Two stories regarding the editorials of The New York Times about Cuba


Omar Pérez Salomón

A CubaNews translation. Edited by Walter Lippmann.

The fact that The New York Times, one of the most influential
dailies in the United States and the world, has published in one
month six editorials against the economic, commercial and
financial blockade that Washington imposed on Havana more than 50
years ago is a sign that the Cuba issue has given rise to
differing opinions within U.S. political circles.

However, the search for ways to tighten the net around the
largest island in the West Indies is what has prevailed so far in
the executive, the legislative and the judicial branches. Two
examples confirm this.

The first refers to legal claims for over a billion dollars
belonging to Cuba. These have been frozen by our northern
neighbor following U.S. court rulings against the Cuban
government in the last few years in its ceaseless pursuit of new
sources to collect money.

This is why Cuban assets derived from telephone communications
with the United States, blocked in U.S. banks since 1966, have
been totally plundered as a result of the
“compensation” ordered by the courts. One of the
most notorious was Miami Federal Judge Alexander King’s
finding that the Cuban state and its Air Force had to pay $187.6
million dollars to the families of the pilots of the
counter-revolutionary “Brothers to the Rescue”
group whose planes were shot down when they violated Cuban
airspace on February 24, 1996.

On November 12, 1998, Judge King filed a motion before a New York
Federal Court seeking to order seizure of the blocked Cuban funds
and to start proceedings against AT&T and the Chase Manhattan
Bank. This was based on the Victims of Trafficking and Violence
Protection Act, approved on October 12, 2000, and thanks to which
the plaintiffs received around $97.6 million dollars.

The second example is the war declared by the multinational
Bacardi corporation against the French-Cuban Pernod-Ricard-Havana
Rum corporation over ownership of the Havana Club trade mark.
That ended in May 2012, when the U.S. Supreme Court prevented the
Cuban company Cubaexport from defending its right to renew
registration of the Havana Club brand with the U.S. Patent and
Trademark Office.

No enterprise has devoted so much in terms of money and resources
to finance actions against the Cuban Revolution as Bacardi, whose
managers have been involved in countless terrorist, subversive
and judicial maneuvers against Cuba. Back in the 1960s, Pepin
Bosch, the then head of Bacardi, organized the bombing of
Cuba’s oil refineries. As it happened, his plan, as well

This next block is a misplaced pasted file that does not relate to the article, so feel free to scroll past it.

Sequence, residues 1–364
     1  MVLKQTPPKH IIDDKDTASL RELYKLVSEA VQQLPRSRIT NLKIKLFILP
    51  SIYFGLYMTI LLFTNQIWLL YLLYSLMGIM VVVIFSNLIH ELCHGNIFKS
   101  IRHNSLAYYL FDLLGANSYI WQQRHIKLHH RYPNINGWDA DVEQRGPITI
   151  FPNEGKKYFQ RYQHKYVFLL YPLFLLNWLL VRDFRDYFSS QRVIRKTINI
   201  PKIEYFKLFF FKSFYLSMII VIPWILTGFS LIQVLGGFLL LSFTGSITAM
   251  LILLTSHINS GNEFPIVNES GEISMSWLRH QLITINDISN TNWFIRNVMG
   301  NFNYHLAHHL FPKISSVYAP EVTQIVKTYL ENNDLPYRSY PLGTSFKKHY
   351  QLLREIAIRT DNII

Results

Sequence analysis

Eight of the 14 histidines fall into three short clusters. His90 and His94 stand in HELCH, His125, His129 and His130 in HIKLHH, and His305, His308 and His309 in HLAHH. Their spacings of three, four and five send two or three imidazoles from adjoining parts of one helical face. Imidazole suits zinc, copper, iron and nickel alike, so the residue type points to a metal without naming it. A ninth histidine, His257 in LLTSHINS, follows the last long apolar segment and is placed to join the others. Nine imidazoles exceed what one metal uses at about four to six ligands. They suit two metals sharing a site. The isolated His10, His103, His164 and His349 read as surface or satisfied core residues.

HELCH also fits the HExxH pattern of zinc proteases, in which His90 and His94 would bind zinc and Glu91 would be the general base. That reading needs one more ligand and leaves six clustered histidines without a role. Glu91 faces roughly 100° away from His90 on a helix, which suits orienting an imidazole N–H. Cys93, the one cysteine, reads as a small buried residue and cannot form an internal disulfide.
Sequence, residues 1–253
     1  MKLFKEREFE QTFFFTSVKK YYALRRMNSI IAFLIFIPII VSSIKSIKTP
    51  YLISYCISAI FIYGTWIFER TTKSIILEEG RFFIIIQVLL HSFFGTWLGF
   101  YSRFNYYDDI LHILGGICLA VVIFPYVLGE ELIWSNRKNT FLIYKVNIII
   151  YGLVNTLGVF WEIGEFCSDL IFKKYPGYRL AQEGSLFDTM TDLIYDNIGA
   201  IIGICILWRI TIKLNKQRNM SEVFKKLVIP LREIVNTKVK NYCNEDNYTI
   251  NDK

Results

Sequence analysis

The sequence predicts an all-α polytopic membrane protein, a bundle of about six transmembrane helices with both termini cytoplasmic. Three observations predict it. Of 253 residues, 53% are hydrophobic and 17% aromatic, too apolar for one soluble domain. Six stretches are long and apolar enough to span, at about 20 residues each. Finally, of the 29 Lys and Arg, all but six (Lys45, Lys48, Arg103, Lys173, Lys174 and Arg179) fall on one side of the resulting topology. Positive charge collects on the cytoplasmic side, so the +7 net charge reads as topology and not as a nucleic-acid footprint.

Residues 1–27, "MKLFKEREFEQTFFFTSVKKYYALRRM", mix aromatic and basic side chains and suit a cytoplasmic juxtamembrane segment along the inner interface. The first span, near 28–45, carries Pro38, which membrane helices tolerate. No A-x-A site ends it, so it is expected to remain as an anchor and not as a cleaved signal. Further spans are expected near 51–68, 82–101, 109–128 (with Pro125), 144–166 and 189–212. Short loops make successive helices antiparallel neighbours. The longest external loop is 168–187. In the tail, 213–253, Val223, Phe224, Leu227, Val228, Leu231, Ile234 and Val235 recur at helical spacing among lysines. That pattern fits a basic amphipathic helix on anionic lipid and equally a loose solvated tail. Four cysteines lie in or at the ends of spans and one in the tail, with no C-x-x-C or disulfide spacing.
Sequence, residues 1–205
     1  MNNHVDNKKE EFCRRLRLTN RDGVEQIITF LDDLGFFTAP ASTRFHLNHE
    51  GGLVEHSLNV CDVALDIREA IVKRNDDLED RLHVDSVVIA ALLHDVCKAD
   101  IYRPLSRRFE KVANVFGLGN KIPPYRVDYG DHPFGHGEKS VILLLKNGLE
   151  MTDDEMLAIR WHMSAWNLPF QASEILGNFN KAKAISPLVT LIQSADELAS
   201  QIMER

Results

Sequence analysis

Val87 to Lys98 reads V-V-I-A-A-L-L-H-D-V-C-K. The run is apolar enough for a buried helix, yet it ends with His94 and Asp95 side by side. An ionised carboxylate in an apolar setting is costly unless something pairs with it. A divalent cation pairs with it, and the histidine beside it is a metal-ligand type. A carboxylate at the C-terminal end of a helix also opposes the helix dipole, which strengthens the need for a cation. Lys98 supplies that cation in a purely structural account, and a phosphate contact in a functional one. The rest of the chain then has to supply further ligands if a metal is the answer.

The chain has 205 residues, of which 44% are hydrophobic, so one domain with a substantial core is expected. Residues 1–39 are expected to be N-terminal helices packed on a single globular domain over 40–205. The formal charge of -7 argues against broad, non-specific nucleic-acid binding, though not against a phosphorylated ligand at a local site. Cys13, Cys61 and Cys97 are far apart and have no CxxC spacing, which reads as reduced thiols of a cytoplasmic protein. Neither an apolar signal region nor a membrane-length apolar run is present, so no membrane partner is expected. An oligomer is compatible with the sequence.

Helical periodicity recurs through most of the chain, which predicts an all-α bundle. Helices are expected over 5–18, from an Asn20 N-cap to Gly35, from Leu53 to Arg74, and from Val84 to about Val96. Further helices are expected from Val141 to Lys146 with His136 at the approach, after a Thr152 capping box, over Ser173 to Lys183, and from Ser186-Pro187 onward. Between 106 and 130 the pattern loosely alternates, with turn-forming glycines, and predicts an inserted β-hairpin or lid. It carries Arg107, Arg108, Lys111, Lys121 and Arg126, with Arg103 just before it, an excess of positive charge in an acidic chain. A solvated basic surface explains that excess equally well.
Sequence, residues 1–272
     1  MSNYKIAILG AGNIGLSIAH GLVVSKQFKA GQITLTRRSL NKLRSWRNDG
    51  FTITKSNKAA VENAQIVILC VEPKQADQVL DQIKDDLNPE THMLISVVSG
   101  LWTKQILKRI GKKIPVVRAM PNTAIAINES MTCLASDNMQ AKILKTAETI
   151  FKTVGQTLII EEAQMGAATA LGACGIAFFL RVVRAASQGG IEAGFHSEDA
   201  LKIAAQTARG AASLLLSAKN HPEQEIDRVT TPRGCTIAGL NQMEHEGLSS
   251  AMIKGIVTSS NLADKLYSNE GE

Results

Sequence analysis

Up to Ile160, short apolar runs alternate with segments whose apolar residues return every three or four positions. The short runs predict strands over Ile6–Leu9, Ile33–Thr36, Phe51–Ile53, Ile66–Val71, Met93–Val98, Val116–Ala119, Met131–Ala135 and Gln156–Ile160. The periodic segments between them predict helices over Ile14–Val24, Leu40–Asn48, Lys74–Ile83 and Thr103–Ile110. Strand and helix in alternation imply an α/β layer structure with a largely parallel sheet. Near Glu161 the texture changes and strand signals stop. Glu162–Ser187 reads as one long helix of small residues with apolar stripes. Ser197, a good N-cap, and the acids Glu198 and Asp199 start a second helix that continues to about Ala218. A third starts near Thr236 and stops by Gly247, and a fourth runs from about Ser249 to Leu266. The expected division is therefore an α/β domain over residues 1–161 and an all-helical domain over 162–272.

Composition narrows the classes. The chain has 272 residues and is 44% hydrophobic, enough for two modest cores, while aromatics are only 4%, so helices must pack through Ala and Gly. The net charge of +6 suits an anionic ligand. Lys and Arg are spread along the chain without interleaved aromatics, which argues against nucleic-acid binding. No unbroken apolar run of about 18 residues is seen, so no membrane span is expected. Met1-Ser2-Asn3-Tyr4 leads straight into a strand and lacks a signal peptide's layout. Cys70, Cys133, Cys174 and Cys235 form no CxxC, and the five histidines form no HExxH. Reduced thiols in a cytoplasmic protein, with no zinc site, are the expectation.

as a picture of the B-26 bomber he had intended to use, were
exposed in The New York Times and never materialized.

Bacardi’s stockholders have stood out because of their
contributions to both Democratic and Republican Congress members
and anti-Cuban laws such as the Torricelli and Helms-Burton acts.
In the words of the Colombian journalist Hernando Calvo Ospina in
his book Ron Bacardi: la Guerra Oculta [Bacardi: The Hidden War],
“As one of the company’s top executives has
admitted, Bacardi is a Bermuda-based company without a
nationality. And yet, it used its economic power and contacts in
the highest political circles to virtually draft a U.S. law
tailored to its own needs. Not only does this piece of
legislation –known as the Helms-Burton Act–
threaten Cuba’s sovereignty and the survival of its
people, it also adds to the madness into which
capitalism’s commercial system is dangerously creeping in
its longing for bringing down every barrier to its.”

In violation of trade-related international standards, these same
actors promoted the approval of Section 211, as another step
toward the enforcement of the Helms-Burton Act included in the
4,000-plus-page 1999 budget bill. The first stages of Section 211
have it that no U.S. court can recognize any rights over foreign
trademarks or patents related to assets of an American citizen
confiscated without indemnity by the Cuban revolutionary
Jurisdiction over this
cause was thus denied to the judges.

As we can see, the fact that Pernod-Ricard executives attending
the recently-held Havana International Fair said they were ready
to market Havana Club rum in the United States and that several
American telecommunications companies such as AT&T and Verizon
are interested in re-establishing direct telephone links with
Cuba is not good enough. The whole thing is about penetrating the
anti-Cuban structure through which Washington’s Cuba
policy is dictated.

Hernando Calvo Ospina:
Ron Bacardí: la guerra oculta, Casa Editora Abril, 2000. P.

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2 Responses to “Two stories regarding the editorials of The New York Times about Cuba”

  1. lakoladita Says:

    Reblogged this on la koladita.

  2. tudoparaminhacuba Says:

    Reblogged this on Tudo Para Minha Cuba.

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